Feb 092017
 
The Bonnie Parker Story

Rating: ★★☆☆☆
Yet another crime-does-not-pay film filled with endless snarling between the outlaws. Man, the late fifties sucked for this type of film. Recognizing that she is headed for a career as a prostitute since jobs are hard to get in the Depression, Bonnie Parker, a bored waitress, agrees to work with bank robber wannabee Guy Darrow. Realizing that he is a two-bit operator who prefers to rob gas stations because it is safer, she forces him to rob banks, but they are hunted by a relentless Texas Ranger. Aside from an impressive inaccuracy, the script ups the yuckiness factor when it shows that firing guns turns her on. An unpleasant film. Read More…

Feb 062014
 
Bonnie and Clyde

Inspired by the success of its miniseries Hatfields and McCoys (2012), the History Channel teamed up with Lifetime (both are part of the A & E network) to produce a two-part miniseries on Bonnie Parker and Clyde Barrow, who robbed banks and grocery stores during the Public Enemy Era (1933-1935). Unfortunately, the miniseries is boring, inaccurate crap. While many movies treat historical facts as items in a supermarket that can be put back on the shelves if they are inconvenient, Bonnie and Clyde sinks to new depths. The script is a Bizarro-world version of the real outlaws that leaves out most of the members of the Barrow gang, makes Bonnie the mastermind, scrambles the real events beyond recognition, and has a demented, glory-hungry Bonnie mail pictures of themselves to the newspapers because she would rather be famous than live. Oh, and Clyde has visions of the future. It is actually worse than the 1967 version with Warren Beatty, and I hate that movie. Do not watch this. Read More…

Jan 302014
 
Public Enemies Era

When outlaws like the Barker-Karpis Gang, the Clyde Barrow Gang, John Dillinger, Baby Face Nelson and Pretty Boy Floyd began to attract national attention in 1933, the FBI was an under-funded, amateurish organization. A series of celebrity kidnappings and the massacre of four law enforcement officials in Kansas City in June 1933 led to calls for a national police force, and the FBI would lead the war on crime. In 1934, the many bank robbers would be divided into five nice, clear groups: the family of kidnappers, the lovers on the run, the charming escape artist, the psychotic killer and the misunderstood country boy. A year later, almost none of them were still alive and the FBI was a national institution.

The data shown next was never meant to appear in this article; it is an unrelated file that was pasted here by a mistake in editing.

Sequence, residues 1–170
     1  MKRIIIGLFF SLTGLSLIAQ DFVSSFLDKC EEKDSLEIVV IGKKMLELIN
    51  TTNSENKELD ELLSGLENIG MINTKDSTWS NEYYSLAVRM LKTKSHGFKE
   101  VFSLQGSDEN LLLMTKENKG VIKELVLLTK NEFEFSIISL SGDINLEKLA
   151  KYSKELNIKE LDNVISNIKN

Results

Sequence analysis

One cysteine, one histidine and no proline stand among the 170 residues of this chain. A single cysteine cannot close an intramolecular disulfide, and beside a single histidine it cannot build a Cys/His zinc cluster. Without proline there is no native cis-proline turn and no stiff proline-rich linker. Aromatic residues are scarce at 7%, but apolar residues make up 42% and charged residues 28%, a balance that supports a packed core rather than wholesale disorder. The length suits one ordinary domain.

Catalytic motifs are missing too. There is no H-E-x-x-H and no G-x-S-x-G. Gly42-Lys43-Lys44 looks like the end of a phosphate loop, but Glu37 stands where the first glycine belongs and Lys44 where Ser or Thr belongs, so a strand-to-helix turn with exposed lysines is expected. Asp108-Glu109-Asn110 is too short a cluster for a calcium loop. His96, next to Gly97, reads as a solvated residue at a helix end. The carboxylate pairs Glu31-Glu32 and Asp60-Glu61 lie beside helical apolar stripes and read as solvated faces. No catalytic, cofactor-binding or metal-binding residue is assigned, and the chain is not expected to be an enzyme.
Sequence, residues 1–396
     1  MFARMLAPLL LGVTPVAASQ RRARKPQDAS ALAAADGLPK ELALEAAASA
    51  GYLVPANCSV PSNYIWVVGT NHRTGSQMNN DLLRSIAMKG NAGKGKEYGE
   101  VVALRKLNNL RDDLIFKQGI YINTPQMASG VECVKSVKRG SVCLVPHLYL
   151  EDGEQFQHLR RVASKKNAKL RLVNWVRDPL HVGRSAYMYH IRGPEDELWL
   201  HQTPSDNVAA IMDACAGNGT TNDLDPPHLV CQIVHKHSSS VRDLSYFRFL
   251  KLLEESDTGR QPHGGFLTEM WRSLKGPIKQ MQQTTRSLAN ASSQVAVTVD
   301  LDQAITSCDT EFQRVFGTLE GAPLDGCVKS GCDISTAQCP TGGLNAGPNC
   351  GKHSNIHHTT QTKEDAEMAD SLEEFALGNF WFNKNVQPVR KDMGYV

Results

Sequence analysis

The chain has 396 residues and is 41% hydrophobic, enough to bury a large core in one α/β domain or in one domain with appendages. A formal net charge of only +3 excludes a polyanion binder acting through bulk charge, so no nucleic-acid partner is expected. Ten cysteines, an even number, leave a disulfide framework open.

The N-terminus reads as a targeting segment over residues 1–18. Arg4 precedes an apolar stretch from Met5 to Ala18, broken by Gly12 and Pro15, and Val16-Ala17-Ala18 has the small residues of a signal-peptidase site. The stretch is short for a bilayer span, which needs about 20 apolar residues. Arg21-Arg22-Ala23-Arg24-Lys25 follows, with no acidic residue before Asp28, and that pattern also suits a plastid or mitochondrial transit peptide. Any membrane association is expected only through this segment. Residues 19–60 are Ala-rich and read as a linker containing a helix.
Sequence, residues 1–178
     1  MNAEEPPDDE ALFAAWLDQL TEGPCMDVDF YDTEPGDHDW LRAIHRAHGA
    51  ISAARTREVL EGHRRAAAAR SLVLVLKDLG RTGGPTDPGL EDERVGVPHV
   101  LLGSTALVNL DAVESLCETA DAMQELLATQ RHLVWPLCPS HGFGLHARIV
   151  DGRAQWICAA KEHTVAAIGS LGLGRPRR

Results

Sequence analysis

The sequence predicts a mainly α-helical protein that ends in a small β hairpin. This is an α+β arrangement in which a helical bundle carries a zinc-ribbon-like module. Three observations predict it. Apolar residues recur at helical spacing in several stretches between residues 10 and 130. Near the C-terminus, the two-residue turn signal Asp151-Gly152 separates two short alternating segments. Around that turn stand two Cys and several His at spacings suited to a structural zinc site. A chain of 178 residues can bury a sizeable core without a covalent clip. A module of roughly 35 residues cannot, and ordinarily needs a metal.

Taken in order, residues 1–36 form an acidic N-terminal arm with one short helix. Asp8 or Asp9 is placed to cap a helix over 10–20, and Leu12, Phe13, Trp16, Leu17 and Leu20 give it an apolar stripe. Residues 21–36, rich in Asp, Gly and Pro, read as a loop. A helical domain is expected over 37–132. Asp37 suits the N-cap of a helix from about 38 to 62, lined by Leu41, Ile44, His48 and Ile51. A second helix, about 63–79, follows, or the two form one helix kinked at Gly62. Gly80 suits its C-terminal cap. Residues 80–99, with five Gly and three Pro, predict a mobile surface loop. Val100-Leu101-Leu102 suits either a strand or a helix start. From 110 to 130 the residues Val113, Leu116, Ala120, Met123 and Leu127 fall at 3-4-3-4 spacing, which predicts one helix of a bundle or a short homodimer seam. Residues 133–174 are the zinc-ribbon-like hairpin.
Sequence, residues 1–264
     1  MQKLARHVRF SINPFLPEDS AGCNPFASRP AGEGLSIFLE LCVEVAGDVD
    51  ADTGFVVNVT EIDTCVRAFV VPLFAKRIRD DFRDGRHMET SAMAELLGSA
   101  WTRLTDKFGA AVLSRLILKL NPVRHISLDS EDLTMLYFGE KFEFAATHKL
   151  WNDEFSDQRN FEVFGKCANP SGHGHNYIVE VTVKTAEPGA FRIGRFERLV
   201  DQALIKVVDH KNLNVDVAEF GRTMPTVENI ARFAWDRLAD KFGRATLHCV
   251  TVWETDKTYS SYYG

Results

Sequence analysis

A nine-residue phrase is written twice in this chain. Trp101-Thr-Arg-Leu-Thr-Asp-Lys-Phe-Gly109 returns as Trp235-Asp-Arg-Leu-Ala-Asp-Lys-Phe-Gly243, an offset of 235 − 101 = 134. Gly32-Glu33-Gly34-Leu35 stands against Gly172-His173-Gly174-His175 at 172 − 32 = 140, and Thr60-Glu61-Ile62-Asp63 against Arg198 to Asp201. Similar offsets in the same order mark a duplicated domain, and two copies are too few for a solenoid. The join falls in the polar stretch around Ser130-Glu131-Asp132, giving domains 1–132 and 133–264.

Read More…

Dec 052013
 
Bonnie and Clyde Trailer

Inspired by the success of its miniseries Hatfields and McCoys (2012), the History Channel has teamed up with Lifetime (both are part of the A & E network) to produce a two-part miniseries on Bonnie Parker and Clyde Barrow, who robbed banks and grocery stores during the Public Enemy Era (1933-1935). Read More…

Jun 242013
 
Bonnie and Clyde

Bonnie Parker (October 1, 1910-May 23, 1934) and Clyde Barrow (March 24, 1909-May 23, 1934) were poor, young people with little hope for the future when they met in Dallas, Texas in January 1930. Clyde was arrested shortly after, which would have ended most relationships but Bonnie’s love was true. Despite a brutal experience in prison, Clyde hated the drudgery of honest work, so he returned to a life of crime, bringing Bonnie with him. After a drunken encounter with police officers at a dance resulted in a dead deputy on August 5, 1932, surrender was no longer an option for Clyde because he would get the electric chair. Recently released from prison, his elder brother Buck met Clyde, Bonnie and new recruit, 16-year-old W.O. Jones, hoping to persuade Clyde to surrender, but the vacation ended on April 13, 1933 when two police officers died in a shootout, and Buck and his fiance Blanche found themselves part of the gang. The gang became national celebrities after pictures of them posing with guns were found in their abandoned apartment. Several months later, Buck was severely wounded in another shootout with police, and died of his wounds shortly after a posse discovered the gang’s campsite. Hoping to gain more members for the gang, Clyde helped several prisoners break out of Eastham Prison Farm on January 16, 1934. Angered by the attack, the warden persuaded the governor of Texas to hire former Texas Ranger Frank Hamer to hunt down the gang. Betrayed by gang member Henry Methvin in exchange for a pardon, Bonnie and Clyde were lured into an ambush where they were killed on May 23, 1934. Read More…